Two additional firms are particularly troubled. Peregrine Pharmaceuticals (NASDAQ:PPHM) lead drug bavituximab, a monoclonal antibody turned I-O, is in Phase III for NSCLC but critics question improvements following lackluster and unreliable Phase II data, and wonder why more robust statistical information is not provided. Worst in the I-O hopeful category is Northwest Biotherapeutics (NASDAQ:NWBO), in Phase III with DCVax for brain, ovarian and prostate cancer. Widespread controversy not only exists about its choice of clinical endpoints and their acceptance by regulators, but also the dissemination of information, for which they were chastised by renowned cancer center MD Anderson for making unjustified claims related to DCVax.

Smaller biotechs that have traditionally adopted other medical modalities to treat cancer have been drawn by I-O's promise.Recently, Celsion Corporation (NASDAQ:CLSN) acquired privately-held EGEN, Inc., developer of an immunotherapeutic using a small circle of DNA called a plasmid that, combined with interleukin (IL)-12 and a chemotherapeutic agent wrapped inside a nano-sized material, can be directed to tumors to induce remission.

Big Pharma's approach wants to combine I-Os with other cancer remedies or treat patients that have failed prior therapy, but CEL-SCI seeks to use Multikine first, before any compromise of the immune system takes hold, to create a greater anti-tumor response. The company has undertaken the huge task of enrolling the largest Phase III for an I-O, in head and neck cancer (a disease with very poor prognosis), with the goal of petitioning the FDA and other agencies to approve Multikine as a first-line treatment. Besides its potential benefit as the first medicine given before surgery, radiation or chemotherapy, Multikine has been developed to be an 'off-the-shelf' drug, much easier to manufacture large scale. Making monoclonal antibodies (the basis for I-Os) is tedious business, and batch to batch consistency is an ever present challenge.

There are side effects to consider. Drugs that stimulate the immune system run the risk of damaging healthy tissue or triggering autoimmunity. Bristol-Myer's Yervoy may well extend a melanoma patient's life by four months, but colitis can result. Merck's leading I-O caused fatigue in 30% of subjects, rash and itching in another 21%. Patients developed inflammation of the lungs. Roche's drug fared better, although 12.6% of patients had more serious Grade 3 or 4 side effects including fatigue, shortness of breath, and vomiting. By contrast, Multikine's trials have shown no severe adverse effects with events limited to pain and swelling at the injection site, headache and nausea.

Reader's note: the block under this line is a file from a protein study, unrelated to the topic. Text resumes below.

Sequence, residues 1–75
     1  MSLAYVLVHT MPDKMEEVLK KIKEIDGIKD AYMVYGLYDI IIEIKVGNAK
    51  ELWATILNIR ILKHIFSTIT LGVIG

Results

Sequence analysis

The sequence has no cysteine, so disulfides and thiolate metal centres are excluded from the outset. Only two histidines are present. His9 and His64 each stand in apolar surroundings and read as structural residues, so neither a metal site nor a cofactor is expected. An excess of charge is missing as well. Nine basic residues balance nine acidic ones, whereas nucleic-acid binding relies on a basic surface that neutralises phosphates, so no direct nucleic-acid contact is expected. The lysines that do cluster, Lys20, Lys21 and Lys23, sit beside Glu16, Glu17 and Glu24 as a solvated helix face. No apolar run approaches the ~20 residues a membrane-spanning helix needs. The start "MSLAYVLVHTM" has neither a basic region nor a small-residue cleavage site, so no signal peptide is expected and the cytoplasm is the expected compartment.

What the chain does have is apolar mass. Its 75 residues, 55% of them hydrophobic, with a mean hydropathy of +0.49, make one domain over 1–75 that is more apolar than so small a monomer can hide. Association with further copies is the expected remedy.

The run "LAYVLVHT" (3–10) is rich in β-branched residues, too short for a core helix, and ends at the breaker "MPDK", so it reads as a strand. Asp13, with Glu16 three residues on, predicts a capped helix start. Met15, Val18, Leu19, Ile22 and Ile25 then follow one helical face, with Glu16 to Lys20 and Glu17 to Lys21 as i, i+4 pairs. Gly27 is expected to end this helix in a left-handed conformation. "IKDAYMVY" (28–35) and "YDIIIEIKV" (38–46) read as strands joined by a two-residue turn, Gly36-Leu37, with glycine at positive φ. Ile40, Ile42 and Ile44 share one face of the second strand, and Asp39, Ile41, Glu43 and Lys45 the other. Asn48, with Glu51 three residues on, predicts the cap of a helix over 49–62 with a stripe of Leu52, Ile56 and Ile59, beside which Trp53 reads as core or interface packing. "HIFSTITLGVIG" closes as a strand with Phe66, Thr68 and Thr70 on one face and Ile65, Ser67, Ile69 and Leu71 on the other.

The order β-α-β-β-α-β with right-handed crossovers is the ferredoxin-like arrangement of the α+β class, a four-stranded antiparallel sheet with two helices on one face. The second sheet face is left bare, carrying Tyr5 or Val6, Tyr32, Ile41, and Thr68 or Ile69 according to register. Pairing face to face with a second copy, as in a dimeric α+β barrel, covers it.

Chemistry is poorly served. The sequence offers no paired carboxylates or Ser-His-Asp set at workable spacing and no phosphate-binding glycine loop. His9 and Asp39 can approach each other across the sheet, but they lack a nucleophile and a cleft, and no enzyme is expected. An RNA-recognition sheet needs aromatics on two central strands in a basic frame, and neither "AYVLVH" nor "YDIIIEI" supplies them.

CEL-SCI's change in contract research organizations ((CRO)) is resulting in faster enrollment: the company announced last month total patient enrollment of 232 people, more than one-quarter towards their goal of 880 by the end of next year. Critics complain that CEL-SCI cannot meet its target, but do not take into consideration acceleration of enrollment made possible by the number of countries and organizations for which trials have been and continue to be approved, with multiple sites available in each. In the past three months alone, Turkey, Austria, Sri Lanka, France and the UK have come on board, totaling 17 countries in all. This is truly a global trial - sites also include those in Canada, India, Israel, Poland, Hungary, Russia, Taiwan, Ukraine, Serbia, Croatia, and Bosnia and Herzegovina.  

In the US, CEL-SCI gained approval from Detroit's Henry Ford Health System, one of the nation's largest group practices with over 1,200 doctors in 40 specialties. This followed 21st Century Oncology of Greenville, North Carolina, with 166 treatment centers in 16 states and six Latin American countries. My question is why would management, by keeping a running count of enrollees, hold itself up to public embarrassment and investor scorn if it did not fully expect to reach its desired enrollee numbers?

No doubt, CEL-SCI has a long road ahead, and a pivotal trial of this magnitude may quickly burn through its remaining cash, forcing it to seek dilutive financing. Its own clinical and regulatory risks notwithstanding, CEL-SCI faces upcoming competition from AstraZeneca, Merck and Bristol-Myers who plan studies in head and neck cancer, big firms with deep pockets. The I-O arena is also drawing critics: oncologists have gone on record urging caution concerning the results being churned out by Big Pharma, siting small sample sizes, lack of control groups, efficacy in only a minority of cancer patients, and bad side effects. Particularly when using two I-Os in combination for best results, a trend seen recently. 

Regardless of risks, CEL-SCI is well-positioned to enter the I-O race. Head and neck cancer, including disease of the larynx, thyroid, salivary glands and nasal passages account for up to 5% of all cancers in the US,and cause 12,000 deaths per year, for a total market of slightly over $3 billion. Because of its prominent, visible position on the body, better agents are needed to reduce the size of tumors and limit the amount of disfiguring surgery. CEL-SCI is ahead of Big Pharma in filling this medical need, and given its undervalued status compared to competitors large and small presents a golden opportunity to take advantage of the budding I-O industry.

 

SOURCE: United Press Networks